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The RE 100: 100 Companies Strong and Growing
By Holly Testa, Director, Shareowner Engagement

The RE 100 – a global initiative launched in September 2014 by the CDP and Climate Group – has quickly reached critical mass.

RE100 galvanizes corporations to commit to a time-bound goal to power the entirety of their operations with renewable energy, and offers technical and educational assistance to help make the goals reality. Over 100 global companies with a combined $2.5 trillion in revenue, with the help and encouragement of an investor group that includes First Affirmative, have made the commitment.

Participating companies are leading by example not only because of the existing compelling business case, but also to collectively increase demand for renewable energy, thus encouraging utilities and other energy suppliers to provide it.

The Business Case

RE100's 2017 annual report shares insights from member companies that demonstrate how renewable energy enhances corporate performance through cost savings and risk reduction, while meeting greenhouse gas reduction goals:

  • General Motors reports savings of US$5 million annually and anticipates that this will increase as planned projects come online.
  • Tata Motors saved $2.5 million by installing wind power at a single plant in India and removing the need to pay grid electricity charges.
  • Apple has commitments from eight suppliers to produce Apple products and components using 100% renewable electricity.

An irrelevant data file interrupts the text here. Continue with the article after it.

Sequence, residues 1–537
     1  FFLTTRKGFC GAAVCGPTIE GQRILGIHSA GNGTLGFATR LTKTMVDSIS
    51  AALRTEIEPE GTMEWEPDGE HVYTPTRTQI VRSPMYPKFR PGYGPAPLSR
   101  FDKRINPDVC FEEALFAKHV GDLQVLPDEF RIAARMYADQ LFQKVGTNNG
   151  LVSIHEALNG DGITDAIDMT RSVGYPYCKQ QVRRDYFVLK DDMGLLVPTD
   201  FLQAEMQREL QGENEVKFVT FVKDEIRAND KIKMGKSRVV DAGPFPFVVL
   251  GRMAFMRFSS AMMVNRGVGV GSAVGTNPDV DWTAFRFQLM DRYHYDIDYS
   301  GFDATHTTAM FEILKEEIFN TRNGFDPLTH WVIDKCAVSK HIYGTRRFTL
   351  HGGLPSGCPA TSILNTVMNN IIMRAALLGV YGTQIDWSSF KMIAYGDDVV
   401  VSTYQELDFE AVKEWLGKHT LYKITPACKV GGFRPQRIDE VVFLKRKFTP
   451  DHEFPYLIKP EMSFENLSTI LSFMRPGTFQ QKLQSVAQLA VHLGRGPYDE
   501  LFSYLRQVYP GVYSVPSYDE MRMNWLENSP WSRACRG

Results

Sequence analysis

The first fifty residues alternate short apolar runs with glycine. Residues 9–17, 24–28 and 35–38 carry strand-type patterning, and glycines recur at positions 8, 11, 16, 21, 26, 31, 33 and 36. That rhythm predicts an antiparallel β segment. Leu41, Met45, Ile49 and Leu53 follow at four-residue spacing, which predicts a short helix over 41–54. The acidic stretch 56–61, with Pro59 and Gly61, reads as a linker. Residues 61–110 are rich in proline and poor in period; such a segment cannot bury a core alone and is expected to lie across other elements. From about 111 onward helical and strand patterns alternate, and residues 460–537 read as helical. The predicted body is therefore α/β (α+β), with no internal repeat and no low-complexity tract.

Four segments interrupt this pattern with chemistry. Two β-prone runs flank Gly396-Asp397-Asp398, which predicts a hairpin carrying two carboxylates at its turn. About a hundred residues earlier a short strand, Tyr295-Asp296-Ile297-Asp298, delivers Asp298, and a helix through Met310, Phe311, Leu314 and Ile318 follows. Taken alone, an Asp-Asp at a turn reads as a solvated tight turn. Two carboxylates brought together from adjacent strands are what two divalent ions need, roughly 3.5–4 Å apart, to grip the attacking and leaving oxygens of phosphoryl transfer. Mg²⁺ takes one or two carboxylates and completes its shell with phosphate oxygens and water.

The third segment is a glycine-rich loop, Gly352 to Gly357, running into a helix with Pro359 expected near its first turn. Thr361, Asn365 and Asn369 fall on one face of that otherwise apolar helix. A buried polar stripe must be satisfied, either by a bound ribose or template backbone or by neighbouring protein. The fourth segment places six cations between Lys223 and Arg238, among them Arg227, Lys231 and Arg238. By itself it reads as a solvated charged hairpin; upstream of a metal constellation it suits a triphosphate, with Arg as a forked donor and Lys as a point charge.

• And Steve Howard of IKEA envisions turning energy expense into income: "Electricity and energy are essentially just costs to your business, until you start generating your own when you can turn a cost into a profit center."

Multiple companies cite reduced business risk from lowering exposure to volatile fossil fuel prices, increased long-term cost control and improved energy security. Others point to how their commitments will help them avoid the worst of the systemic risks inherent in climate change. Marc Engel, Chief Supply Chain Officer of Unilever, believes that "The consumer goods sector is vulnerable to climate change; the increasing likeliness of extreme weather events such as floods and droughts poses a threat to our supply chains and operations. Going 100% renewable will deliver on our consumer promise to deliver brands that are responsibly produced in a world of finite resources."

Leveraging Demand to Transform the Energy Economy

End consumers of energy seem to be way ahead of the traditional power suppliers — utilities. Much of the increased renewable energy capacity has come from a variety of non-traditional sources, including privately owned large-scale wind and solar farms and direct company-owned installations. While progress has been impressive, a full transition to renewable energy will require utility participation and capital investment in renewable generation that can power the grid.